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Budgie smugglers…

 

Saturday 31st. Still getting used to dry land, and nursing a hangover! I had a nice rest in Oeiras, and managed to do plenty of walking. A couple of times I did the very pleasant pedestrian promenade covering the 10km to Alges, before succumbing and getting the bus the remaining 10km to Lisbon. I even walked the route on the day of the Lisbon Marathon – and was happy to be handed a bottle of water by one of the officials who must have thought I had entered in some strange fancy dress.

The big news is that Martin (bro-in-law) and Pete (friend) decided to fly out and join me for the “Canary Island Cruise”. We left Oeiras, Portugal on the 24th, and arrived at Arrecife, Lanzarote on 29th.

I promised the crew blue skies, a gentle ocean swell, 5 star luxury accommodation, and food to die for. I think I delivered on most of these things but not all the time and not in any predictable order. In between there may have been grey skies, a massive swell, sleeping with sail bags, and food from the freezer. Its hard to remember the tough bits when they are over. But it is those bits that make the good bits so good. I don’t think any of us will forget sailing gently along listening to Pink Floyd as the sun set and turned into a moonlit night. Or, blasting along through the night with a large following swell and wind approaching 30kts.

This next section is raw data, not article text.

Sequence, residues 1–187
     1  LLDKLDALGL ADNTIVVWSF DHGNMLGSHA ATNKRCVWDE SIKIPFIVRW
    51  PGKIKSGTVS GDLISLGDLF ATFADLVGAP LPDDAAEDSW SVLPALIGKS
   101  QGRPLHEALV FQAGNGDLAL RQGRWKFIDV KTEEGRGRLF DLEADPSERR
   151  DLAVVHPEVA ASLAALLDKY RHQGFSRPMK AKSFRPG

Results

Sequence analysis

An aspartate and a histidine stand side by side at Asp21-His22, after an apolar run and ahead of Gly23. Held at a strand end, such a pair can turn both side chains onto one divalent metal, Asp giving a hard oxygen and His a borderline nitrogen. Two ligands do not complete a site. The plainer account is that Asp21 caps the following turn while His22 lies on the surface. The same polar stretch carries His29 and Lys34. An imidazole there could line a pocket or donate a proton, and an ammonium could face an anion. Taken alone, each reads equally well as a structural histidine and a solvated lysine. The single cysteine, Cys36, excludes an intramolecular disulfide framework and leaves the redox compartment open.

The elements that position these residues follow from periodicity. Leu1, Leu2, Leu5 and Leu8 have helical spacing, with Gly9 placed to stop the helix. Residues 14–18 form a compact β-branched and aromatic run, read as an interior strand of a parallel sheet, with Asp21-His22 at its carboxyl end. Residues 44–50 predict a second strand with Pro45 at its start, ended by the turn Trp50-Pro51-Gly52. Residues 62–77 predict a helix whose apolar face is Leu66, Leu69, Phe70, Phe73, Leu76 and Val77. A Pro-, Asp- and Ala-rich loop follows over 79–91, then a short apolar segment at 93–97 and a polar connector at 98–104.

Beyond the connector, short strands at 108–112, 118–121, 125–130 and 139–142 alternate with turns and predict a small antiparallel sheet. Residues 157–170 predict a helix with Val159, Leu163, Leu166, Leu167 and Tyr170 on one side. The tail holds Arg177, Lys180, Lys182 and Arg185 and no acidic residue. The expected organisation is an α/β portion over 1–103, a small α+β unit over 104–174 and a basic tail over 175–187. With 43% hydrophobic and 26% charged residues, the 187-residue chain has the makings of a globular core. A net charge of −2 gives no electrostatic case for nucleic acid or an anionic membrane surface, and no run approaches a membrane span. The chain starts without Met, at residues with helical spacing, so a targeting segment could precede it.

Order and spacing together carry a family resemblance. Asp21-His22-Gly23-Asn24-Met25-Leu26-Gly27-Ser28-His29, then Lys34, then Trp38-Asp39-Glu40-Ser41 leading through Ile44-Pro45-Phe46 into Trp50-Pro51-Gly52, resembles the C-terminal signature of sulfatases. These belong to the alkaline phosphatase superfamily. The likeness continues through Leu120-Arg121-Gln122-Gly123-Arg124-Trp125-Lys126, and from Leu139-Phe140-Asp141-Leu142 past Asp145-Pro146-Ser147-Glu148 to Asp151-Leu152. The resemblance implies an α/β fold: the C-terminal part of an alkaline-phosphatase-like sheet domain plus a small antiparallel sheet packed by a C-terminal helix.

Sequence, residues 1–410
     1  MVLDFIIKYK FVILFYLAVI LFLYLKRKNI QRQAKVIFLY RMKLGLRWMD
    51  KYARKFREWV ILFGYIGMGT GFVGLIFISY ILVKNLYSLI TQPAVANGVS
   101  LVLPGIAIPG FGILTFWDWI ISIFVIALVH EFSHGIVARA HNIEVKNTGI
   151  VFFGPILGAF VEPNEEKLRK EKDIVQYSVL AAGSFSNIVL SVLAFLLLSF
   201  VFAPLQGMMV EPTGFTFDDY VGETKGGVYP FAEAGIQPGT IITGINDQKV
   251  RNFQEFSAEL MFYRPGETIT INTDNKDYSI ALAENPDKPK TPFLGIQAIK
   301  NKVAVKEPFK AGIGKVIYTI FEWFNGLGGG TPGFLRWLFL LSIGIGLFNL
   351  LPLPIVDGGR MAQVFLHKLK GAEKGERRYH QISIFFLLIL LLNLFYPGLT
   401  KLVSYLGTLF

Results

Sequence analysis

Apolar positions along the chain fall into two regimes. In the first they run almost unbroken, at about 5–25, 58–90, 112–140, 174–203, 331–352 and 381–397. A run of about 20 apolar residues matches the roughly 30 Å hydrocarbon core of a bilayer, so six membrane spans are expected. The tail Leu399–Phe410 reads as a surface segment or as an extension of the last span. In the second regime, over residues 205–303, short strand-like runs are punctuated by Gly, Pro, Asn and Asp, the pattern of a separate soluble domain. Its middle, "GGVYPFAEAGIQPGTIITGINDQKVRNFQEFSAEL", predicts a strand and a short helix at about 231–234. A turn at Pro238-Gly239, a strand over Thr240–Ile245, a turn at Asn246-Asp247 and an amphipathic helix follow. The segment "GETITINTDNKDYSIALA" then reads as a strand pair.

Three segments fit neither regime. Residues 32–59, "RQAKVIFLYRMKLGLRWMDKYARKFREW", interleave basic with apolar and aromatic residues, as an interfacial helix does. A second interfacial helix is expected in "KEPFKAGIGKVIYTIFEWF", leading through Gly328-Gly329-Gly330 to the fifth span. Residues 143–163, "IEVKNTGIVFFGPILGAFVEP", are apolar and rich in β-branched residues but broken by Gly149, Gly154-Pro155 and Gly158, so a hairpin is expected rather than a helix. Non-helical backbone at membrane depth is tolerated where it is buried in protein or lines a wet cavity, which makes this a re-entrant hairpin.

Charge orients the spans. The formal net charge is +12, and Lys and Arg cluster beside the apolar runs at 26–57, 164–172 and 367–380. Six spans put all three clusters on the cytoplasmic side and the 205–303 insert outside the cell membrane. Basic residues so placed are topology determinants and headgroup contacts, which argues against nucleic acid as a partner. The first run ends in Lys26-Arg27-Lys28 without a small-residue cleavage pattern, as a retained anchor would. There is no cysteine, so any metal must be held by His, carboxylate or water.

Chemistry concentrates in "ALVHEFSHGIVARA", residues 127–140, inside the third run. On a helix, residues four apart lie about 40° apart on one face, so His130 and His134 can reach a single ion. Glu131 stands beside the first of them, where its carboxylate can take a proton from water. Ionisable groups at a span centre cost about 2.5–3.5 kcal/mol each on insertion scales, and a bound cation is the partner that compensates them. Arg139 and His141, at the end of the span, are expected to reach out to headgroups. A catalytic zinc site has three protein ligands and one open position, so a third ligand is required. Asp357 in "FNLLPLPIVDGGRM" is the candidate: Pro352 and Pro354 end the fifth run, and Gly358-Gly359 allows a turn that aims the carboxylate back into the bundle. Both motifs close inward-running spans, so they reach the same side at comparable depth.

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The big test came about 100 nm from Lanzarote when the autohelm decided to grind to a halt, forcing us to helm manually. Luckily, this lasted the final 24hrs of the journey but it threw the rota out o fthe window. It was a reminder to me however that had I not had Pete and Martin with me things would have got a lot tougher. Fortunately the see state was smooth/slight and the wind pretty much died, so the old 50hp Volvo took us the last part of the journey.

Pete left today, Martin leaves tomorrow. It will be really strange not to have their excellent company. Martin aka “AB” was a stalwart member of the crew; stood his watch alone and even managed to avoid crashing into ships once it was explained to him that when the radar or AIS refer to “targets” that is not an incitement to take aim. The position of 1st Mate was taken by Pete. He is a fine and experienced sailor. However, Pete aka “Grandad” was prone to losing anything and everything from his phone to his spectacles; to his wallet. This would result in him crashing about swearing and muttering before finally accusing “someone” of moving or hiding it. Over and over again I had to go below, find the lost item and exact some punishment on the old gaffer. The consolation to having the muttering old fool on board was that he is in fact a great cook and managed to turn my usual chilli mush into palatable and interesting meals. This 640nm trip was another milestone for us all. A memorable experience, made more so for their company. They will both be missed.

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Of course the conversation between us often turned to the Atlantic. After much heart searching, Pete has volunteered to join me for the hop across the pond. A truly significant decision for him and for me. Unfortunately Martin cannot join us – he is “too young” and still has career and commitments that militate against.

1st Mate hard at work 1st Mate…what the…who’s on watch?
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AB helming, under the careful watch of 1st Mate …. no…. we didn’t catch anything…
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